Joe Cortright, an economist and founding member of No More Freeways, told the crowd how a series of major highway projects starting in the 1950s decimated people’s homes and lives (he riffed off an article he recently published on City Observatory). “In 1950, 14,000 people lived in the Albina Neighborhood. In 1970, only 4,000 people lived here. This neighborhood was devastated by freeway construction and it’s ironic that ODOT is coming back and pretending that they’re offering restorative justice to the neighborhood by widening the freeway. Only a highway engineer would think you could fix the problem by making the freeway bigger.”

Symbolic of the diversity of opposition to this project, Cortright’s speech was followed by someone one-third his age. 21-year-old Sharona Shnayder is a Portlander and environmental activist who leads a global effort to pick trash.

“ODOT should be ashamed… for having the audacity to propose an action to expand this problem, to strangle these kids and their futures even further,” Shnayder said to rousing applause. “What’s frustrating about this situation is knowing that these children can’t even drive yet, yet they’re the ones who have to breathe the polluted air caused by all of those passing by just feet away from their classrooms… This is about a lack of morality. It’s about a lack of ethics. This is a lack of consciousness, knowing that we have a choice to do the right or the wrong thing, but are consistently choosing to do the latter.”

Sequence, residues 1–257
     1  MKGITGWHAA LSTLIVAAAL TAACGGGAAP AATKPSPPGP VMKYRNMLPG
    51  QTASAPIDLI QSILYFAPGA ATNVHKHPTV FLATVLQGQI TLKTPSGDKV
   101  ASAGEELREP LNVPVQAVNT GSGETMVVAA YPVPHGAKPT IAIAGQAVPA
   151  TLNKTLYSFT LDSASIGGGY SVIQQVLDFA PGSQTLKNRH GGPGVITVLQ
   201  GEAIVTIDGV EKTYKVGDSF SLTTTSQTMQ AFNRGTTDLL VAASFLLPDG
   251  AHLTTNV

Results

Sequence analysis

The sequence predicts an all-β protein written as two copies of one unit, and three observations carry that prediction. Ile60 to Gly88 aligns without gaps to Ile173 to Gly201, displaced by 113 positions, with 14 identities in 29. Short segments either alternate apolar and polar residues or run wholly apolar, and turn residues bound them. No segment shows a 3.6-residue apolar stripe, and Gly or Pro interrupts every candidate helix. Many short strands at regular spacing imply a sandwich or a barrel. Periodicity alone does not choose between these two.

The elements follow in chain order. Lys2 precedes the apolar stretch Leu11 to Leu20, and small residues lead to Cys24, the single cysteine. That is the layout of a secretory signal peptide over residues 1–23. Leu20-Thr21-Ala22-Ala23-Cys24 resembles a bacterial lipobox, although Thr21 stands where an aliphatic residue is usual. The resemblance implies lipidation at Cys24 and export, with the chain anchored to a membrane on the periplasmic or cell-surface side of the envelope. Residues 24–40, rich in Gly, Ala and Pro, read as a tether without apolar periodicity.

I-5 on the right. Tubman school on the left.

“There’s no room for compromise here. No freeway! No way! You’ll hear us! You’ll pay!”

Gerald Scrutchions knows how the freeway impacts the school because he teaches there. Wary of the impacts of unfiltered diesel engines, one day he counted how many passed by his classroom. It was 15 in one minute. “By a conservative estimate, I came up with about 10,000 diesel trucks passing a day,” Scrutchions said.

“We are in a school that claims to have the cleanest air quality in the city of Portland [due to a state-of-the-art ventilation system]. However, we seal the windows shut. Outside of the school is some of the worst air quality in the country.”

One of Scrutchions’ former students is Malina Yuen. Now a 9th-grader, she’s graduated from Tubman Middle School, but she’s one of the leaders in the fight to protect it from the freeway. Yuen knows about those dirty trucks all too well. “We can literally see the smog in the air during recess. On bad days kids with asthma were afraid to even come outside,” she shard. “This freeway is constantly on our minds, and it is in our lungs, and it is a direct threat to the heart of the Tubman community.”

Yuen’s friend and partner-in-activism is Adah Crandall. She was equally as forceful and effective in her words against ODOT. “It doesn’t take an expert to see that adding more lanes means more people driving, and more people driving means more pollution… Even the sixth graders at Tubman can understand this concept of induced demand; and for some reason, ODOT still cannot!”

If you missed the rally, check the full recording below (provided by No More Freeways):

— Jonathan Maus: (503) 706-8804, @jonathan_maus on Twitter and jonathan@bikeportland.org
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Middle of the Road Guy
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Middle of the Road Guy

“[Portland Public Schools] has been forced to spend $12 million [on a ventilation system] to reduce the health impacts of students and teachers,” said NCA’s Tori Heroux.

It was Portland Public Schools who reopened Tubman knowing full well about the air quality issues. The protestors can point all the fingers they want at ODOT but PPS should not get off Scot-free.